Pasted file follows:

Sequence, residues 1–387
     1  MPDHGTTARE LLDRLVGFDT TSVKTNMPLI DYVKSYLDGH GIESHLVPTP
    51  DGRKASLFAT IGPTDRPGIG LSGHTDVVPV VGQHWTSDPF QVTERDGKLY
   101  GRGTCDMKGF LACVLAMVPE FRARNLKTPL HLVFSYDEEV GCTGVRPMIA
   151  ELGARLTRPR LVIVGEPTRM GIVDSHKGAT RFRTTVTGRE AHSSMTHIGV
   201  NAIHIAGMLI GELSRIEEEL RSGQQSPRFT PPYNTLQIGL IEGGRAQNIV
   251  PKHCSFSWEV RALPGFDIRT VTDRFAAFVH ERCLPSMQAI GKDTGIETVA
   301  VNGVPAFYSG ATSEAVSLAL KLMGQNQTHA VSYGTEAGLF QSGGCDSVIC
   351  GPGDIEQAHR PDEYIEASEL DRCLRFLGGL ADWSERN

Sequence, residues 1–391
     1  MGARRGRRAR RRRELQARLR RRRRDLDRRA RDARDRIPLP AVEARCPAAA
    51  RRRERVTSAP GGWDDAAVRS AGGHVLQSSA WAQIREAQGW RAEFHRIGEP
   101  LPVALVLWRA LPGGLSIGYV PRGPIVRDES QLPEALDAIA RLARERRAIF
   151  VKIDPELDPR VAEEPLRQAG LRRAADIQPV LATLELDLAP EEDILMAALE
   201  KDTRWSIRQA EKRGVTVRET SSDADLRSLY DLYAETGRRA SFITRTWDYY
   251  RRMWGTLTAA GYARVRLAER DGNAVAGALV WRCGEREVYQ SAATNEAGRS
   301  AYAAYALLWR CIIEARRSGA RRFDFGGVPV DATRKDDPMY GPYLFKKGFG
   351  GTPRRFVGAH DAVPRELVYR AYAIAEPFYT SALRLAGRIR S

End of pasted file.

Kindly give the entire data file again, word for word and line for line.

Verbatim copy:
Sequence, residues 1–387
     1  MPDHGTTARE LLDRLVGFDT TSVKTNMPLI DYVKSYLDGH GIESHLVPTP
    51  DGRKASLFAT IGPTDRPGIG LSGHTDVVPV VGQHWTSDPF QVTERDGKLY
   101  GRGTCDMKGF LACVLAMVPE FRARNLKTPL HLVFSYDEEV GCTGVRPMIA
   151  ELGARLTRPR LVIVGEPTRM GIVDSHKGAT RFRTTVTGRE AHSSMTHIGV
   201  NAIHIAGMLI GELSRIEEEL RSGQQSPRFT PPYNTLQIGL IEGGRAQNIV
   251  PKHCSFSWEV RALPGFDIRT VTDRFAAFVH ERCLPSMQAI GKDTGIETVA
   301  VNGVPAFYSG ATSEAVSLAL KLMGQNQTHA VSYGTEAGLF QSGGCDSVIC
   351  GPGDIEQAHR PDEYIEASEL DRCLRFLGGL ADWSERN

Sequence, residues 1–391
     1  MGARRGRRAR RRRELQARLR RRRRDLDRRA RDARDRIPLP AVEARCPAAA
    51  RRRERVTSAP GGWDDAAVRS AGGHVLQSSA WAQIREAQGW RAEFHRIGEP
   101  LPVALVLWRA LPGGLSIGYV PRGPIVRDES QLPEALDAIA RLARERRAIF
   151  VKIDPELDPR VAEEPLRQAG LRRAADIQPV LATLELDLAP EEDILMAALE
   201  KDTRWSIRQA EKRGVTVRET SSDADLRSLY DLYAETGRRA SFITRTWDYY
   251  RRMWGTLTAA GYARVRLAER DGNAVAGALV WRCGEREVYQ SAATNEAGRS
   301  AYAAYALLWR CIIEARRSGA RRFDFGGVPV DATRKDDPMY GPYLFKKGFG
   351  GTPRRFVGAH DAVPRELVYR AYAIAEPFYT SALRLAGRIR S